With less than one month left of my time in Spain, I am already feeling very sad to leave. There are so many things I will miss about living in Madrid, like walking everywhere, meeting people from all over the world, the beautiful buildings, the mountainous countryside, talking in Spanish, the wine, the ham, eating churros y chocolate after a night of dancing as the sun rises over Retiro … I have made a list of some of my favorite things to do and see in and around Madrid so far. Not done yet!
1. Thyssen Museum
Above Reina Sofia or El Prado, I loved the Thyssen Museum the most. The art collection at the Thyssen begins on the second floor with works dating back to the 13th century. As you wind your way through the rooms, the collections of paintings progress into the future and you find yourself walking through time. From El Greco to Van Gogh to Lichtenstein, there is something there for everyone!
Intercambios are gatherings held at bars and cafes all over Madrid for people that want to learn either English or Spanish. You go there, grab a drink, make a group of new friends and take turns speaking in English and Spanish. I met a lot of Spaniards at intercambios and greatly improved my Spanish while learning about life in Spain from the people that live there. My favorite intercambio was at JJ’s Bookstore because it was less crowded and more intimate.
3. Sierra Norte de Madrid
Only about an hour away from the city center is the vast mountainous region surrounding Madrid. We spent about six hours walking through the mountains and were awestruck by the marvelous views, cows grazing, clear rivers, fresh air and peace from the busy city life. It is pure natural bliss and a must for anyone who enjoys nature.
If you ever wanted to see a real-life Disney castle, Segovia is the place to be. Segovia’s thirteenth-century Alcazar (pictured at the top of the page) was inspiration to the castle depicted in Walt Disney’s “Cinderella.” You can walk through the beautifully preserved rooms of the Alcazar and up the tower for a view of the city. Segovia also has an impressive Roman aqueduct constructed around 1st century A.D., one of the world’s best preserved ancient monuments.
5. Parque Juan Carlos I
There is the obvious Retiro Park in the center of Madrid, which is impossible not to visit, but there is also Parque Juan Carlos I. It is a quieter park, away from the city center, filled with giant abstract sculptures. Walking through the park is like walking into a Salvador Dali painting. Each sculpture is completely unique and breathtaking.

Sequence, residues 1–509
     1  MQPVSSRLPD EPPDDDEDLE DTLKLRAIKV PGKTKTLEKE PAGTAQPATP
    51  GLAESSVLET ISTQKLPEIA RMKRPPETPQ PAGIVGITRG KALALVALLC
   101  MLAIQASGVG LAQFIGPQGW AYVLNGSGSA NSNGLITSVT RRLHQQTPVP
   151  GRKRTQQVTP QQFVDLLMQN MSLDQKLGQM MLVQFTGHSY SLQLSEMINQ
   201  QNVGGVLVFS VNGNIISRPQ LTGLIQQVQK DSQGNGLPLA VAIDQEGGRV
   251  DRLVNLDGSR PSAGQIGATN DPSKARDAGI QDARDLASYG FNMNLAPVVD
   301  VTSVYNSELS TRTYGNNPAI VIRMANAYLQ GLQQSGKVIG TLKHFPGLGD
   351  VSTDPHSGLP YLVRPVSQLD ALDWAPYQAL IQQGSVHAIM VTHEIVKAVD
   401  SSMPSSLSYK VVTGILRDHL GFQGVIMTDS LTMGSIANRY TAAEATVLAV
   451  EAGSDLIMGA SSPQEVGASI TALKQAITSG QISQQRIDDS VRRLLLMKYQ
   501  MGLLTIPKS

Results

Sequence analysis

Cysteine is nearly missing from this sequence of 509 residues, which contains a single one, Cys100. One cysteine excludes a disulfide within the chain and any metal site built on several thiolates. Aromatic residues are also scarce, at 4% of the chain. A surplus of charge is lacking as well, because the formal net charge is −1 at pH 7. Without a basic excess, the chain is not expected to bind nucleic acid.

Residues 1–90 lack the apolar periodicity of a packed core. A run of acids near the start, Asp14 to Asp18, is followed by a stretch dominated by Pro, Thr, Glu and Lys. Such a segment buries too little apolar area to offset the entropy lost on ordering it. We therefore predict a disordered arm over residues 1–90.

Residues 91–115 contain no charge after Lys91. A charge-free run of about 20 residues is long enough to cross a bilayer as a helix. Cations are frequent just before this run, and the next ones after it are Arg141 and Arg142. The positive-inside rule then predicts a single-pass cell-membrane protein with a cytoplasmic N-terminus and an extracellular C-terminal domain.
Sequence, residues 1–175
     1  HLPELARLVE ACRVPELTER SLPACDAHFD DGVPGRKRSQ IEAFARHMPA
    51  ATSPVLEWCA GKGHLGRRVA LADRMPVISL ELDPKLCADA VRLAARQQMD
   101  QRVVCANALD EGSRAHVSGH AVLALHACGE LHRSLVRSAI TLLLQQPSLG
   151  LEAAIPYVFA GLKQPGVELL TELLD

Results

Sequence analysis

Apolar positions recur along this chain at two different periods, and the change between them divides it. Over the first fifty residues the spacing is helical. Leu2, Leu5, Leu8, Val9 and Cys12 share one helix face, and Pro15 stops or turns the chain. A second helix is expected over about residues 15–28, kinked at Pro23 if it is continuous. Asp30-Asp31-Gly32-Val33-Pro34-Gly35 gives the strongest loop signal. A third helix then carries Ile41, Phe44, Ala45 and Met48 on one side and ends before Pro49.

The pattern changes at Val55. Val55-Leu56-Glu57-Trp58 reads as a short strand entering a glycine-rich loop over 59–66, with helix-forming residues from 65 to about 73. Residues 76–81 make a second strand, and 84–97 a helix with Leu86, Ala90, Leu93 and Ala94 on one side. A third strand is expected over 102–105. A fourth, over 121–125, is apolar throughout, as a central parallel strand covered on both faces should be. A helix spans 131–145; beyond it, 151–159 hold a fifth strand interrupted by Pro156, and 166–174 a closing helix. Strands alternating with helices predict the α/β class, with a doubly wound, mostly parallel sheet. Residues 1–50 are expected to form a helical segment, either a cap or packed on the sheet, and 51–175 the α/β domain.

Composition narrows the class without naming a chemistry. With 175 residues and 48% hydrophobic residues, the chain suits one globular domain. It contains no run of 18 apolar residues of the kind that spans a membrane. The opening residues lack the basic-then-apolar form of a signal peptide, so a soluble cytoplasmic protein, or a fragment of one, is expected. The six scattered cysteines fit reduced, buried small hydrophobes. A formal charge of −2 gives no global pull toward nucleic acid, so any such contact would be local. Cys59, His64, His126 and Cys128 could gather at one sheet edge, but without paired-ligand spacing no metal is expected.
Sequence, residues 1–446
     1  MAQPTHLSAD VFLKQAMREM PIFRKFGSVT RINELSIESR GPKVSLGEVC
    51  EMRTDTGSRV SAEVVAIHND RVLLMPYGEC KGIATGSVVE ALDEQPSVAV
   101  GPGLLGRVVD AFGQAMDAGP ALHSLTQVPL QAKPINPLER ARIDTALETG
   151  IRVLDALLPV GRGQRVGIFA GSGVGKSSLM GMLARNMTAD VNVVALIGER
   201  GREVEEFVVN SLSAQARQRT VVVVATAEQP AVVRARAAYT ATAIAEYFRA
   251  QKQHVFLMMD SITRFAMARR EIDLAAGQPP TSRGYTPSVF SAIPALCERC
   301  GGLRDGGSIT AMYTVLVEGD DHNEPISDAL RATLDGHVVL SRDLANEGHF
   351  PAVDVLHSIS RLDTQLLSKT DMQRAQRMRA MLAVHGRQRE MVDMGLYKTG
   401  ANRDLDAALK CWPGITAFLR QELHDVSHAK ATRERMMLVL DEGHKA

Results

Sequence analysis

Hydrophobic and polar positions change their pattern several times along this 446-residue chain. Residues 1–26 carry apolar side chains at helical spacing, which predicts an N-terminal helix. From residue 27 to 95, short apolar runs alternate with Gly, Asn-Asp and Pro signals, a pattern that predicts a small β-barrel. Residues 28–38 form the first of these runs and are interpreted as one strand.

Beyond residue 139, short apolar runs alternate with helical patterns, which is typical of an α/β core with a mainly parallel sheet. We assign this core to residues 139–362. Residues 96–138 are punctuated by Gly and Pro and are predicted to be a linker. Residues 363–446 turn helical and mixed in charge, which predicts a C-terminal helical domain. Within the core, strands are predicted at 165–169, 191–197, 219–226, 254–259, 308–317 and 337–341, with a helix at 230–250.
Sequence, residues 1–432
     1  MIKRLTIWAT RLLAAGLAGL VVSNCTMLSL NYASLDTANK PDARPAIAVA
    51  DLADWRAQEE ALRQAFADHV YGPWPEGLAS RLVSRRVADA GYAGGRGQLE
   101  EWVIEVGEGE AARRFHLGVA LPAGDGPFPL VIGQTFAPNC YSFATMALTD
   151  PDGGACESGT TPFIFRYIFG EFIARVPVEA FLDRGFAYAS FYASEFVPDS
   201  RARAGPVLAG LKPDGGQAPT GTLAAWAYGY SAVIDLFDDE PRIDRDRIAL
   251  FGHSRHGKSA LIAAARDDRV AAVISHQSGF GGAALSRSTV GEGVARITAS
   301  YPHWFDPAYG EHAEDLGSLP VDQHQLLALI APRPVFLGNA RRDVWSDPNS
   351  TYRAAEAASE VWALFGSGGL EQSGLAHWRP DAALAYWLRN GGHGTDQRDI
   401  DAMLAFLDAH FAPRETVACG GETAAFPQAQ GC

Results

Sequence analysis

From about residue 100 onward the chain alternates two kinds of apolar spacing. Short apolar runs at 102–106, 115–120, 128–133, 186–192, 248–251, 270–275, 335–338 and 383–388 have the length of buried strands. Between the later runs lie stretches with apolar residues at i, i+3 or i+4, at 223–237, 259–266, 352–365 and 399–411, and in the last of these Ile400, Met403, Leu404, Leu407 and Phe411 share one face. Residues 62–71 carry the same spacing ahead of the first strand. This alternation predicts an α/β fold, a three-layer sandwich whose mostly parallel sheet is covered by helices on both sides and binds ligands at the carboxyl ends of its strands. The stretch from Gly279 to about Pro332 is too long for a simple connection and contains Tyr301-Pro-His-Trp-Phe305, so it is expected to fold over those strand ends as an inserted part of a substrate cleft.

And I thought New York was the city that never sleeps! The clubs here stay open until 6:00 a.m. Teatro Kapital has seven different floors, each with a different style of music. There’s even a floor for karaoke. Se puede bailar toda la noche!
7. Fútbol (Soccer)
Fútbol fans are fanatic here. We went to a Real Madrid game and the crowd was singing the entire time. The same day, Madrid’s other fútbol team, Atleticp, won in Barcelona. Near the Neptune fountain outside the Prado museum, a massive group of fans gathered wearing Atletico jerseys to sing and chant and celebrate their victory, an overwhelming display of ardor.
8. Tapas y Vino
There is nothing like free snacks with drinks, even if it’s just potato chips or olives. And you can buy a decent bottle of wine here for less than two euros!
It is almost impossible not to get lost in the winding, narrow roads in the Jewish quarter of Toledo. It is a worthwhile trip just to see the 13th-century Gothic cathedral.
10. Cuenca and La Ciudad Encantada
Cuenca is a small city about two hours away from Madrid and is famous for its hanging houses and views of hills adorned with colorful apartments. “La ciudad encantada” is close to Cuenca and it is a “city” of giant rocks. It features grand rock formations that have been carved by nature into organic statues named by the city.